New gardens at Bremerton’s Haddon Park to fill up Foodline with fresh produceJuly 1st, 2014 by josh farley
(Blogger’s note: Please welcome our guest writer, Kimberly De La Cruz, a Bremerton native and journalism student at the University of Nevada, Las Vegas. Kimberly’s aunt, Karole Johnson, has started a new garden program at Lulu Haddon Park. Here’s Kimberly with the details.)
Seeds of Grace volunteers rally together with great camaraderie to achieve one common goal: to teach and provide agricultural sustainability in a global capacity.
Since March 2014, Seeds of Grace has played a dynamic role in introducing sustainable gardens to impoverished areas, like Mazatlan, Mexico. Now, the focus has shifted back home.
Karole Johnson, Team Lead of Seeds of Grace and Bremerton native, secured support from over 30 volunteers and donors, who provided manpower, in-kind donations and monetary backing for the “Lulu D. Haddon Park Garden Project,” which was completed on June 14, 2014.
The garden is nestled in a secured area of the park, where its strawberries, kale, hot peppers, tomatoes, carrots, onions, salad greens, beets and other offerings can flourish to their full potential.
Once harvested, the fruits and vegetables will be donated to Bremerton Foodline to be served at the tables of those who are in need across the community.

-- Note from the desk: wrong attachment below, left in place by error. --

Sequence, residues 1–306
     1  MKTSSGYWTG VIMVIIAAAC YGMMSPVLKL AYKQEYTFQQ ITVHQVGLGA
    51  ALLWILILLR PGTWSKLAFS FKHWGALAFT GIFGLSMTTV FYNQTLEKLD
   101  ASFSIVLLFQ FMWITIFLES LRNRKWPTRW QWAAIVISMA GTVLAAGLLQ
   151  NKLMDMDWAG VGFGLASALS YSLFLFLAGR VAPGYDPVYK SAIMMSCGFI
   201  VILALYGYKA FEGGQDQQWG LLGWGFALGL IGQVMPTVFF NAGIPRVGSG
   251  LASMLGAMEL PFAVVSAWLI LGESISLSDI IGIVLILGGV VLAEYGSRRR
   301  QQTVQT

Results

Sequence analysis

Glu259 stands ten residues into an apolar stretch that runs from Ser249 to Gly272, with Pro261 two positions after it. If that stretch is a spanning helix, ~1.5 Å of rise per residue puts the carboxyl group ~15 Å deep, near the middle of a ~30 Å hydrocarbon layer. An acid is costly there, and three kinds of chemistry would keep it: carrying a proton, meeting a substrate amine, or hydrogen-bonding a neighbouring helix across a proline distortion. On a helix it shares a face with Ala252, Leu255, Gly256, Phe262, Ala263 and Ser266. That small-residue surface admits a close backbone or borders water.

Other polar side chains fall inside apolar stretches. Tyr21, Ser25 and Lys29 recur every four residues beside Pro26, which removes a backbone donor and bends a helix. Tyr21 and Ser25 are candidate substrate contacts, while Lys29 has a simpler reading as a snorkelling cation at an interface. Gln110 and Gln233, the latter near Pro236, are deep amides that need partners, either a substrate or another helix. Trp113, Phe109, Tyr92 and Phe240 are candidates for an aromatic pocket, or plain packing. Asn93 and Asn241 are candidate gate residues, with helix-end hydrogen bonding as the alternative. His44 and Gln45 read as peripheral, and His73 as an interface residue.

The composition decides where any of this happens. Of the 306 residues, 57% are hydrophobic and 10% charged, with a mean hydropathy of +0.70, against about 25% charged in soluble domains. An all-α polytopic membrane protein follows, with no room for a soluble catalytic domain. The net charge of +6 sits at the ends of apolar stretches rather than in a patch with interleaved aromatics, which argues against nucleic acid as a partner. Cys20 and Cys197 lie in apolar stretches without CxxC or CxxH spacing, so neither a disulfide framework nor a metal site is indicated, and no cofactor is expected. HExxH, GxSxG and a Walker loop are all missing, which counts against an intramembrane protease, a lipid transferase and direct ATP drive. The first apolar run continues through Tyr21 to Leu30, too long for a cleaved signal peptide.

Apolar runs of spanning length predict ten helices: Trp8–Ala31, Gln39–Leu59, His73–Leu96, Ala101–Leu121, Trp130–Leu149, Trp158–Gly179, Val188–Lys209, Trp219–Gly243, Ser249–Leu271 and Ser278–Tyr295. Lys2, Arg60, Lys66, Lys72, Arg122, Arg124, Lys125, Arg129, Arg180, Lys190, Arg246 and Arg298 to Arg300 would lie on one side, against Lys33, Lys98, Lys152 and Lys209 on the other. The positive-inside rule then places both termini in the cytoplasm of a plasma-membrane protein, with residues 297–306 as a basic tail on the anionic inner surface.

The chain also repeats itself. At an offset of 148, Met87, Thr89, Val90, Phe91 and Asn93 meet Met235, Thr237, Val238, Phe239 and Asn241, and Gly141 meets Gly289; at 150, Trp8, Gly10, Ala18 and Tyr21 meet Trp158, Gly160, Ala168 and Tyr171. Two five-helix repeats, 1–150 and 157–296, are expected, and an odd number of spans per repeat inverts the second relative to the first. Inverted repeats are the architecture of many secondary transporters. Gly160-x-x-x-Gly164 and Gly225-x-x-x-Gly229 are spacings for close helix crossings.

The spring harvest is expected to begin in July, and will make room for winter crops, like squash and Brussels sprouts. Johnson anticipates that more than 600 pounds of food will be donated over the first year of the partnership.
The lack of fresh produce on food bank shelves is a problem that is widespread, but Johnson says, “partnership is the key, as well as setting people up for success and teaching the importance of sustainability, both globally and locally.”
The Seeds of Grace program does not stop at growing food to be donated; it also educates community members on how to maintain the garden, so that it can be a lasting source of nourishment. Johnson says the project’s long-term effects are “bigger than we know.”
Unlike typical community gardens, the crops do not get divided by plots among community members. Instead, all of the food that is harvested is done so by volunteers who choose to serve their neighbors, then the food is given to a place that feeds the hungry.
Seeds of Grace is now setting its sights on future projects, such as building additional gardens within other Bremerton parks, introducing a curriculum into schools to teach children the importance of sustainability and its return trip to Mazatlan in the fall.
“When your motivation is to help others and to love others, just do it. People are going to be inspired by that,” says Johnson.
It costs between $500 and $1,200 to build a sustainable garden locally, and international gardens start $12,000.
There will be a ribbon cutting ceremony at the Lulu D. Haddon Park garden with Mayor Patty Lent in attendance, at 3:30 p.m. July 24.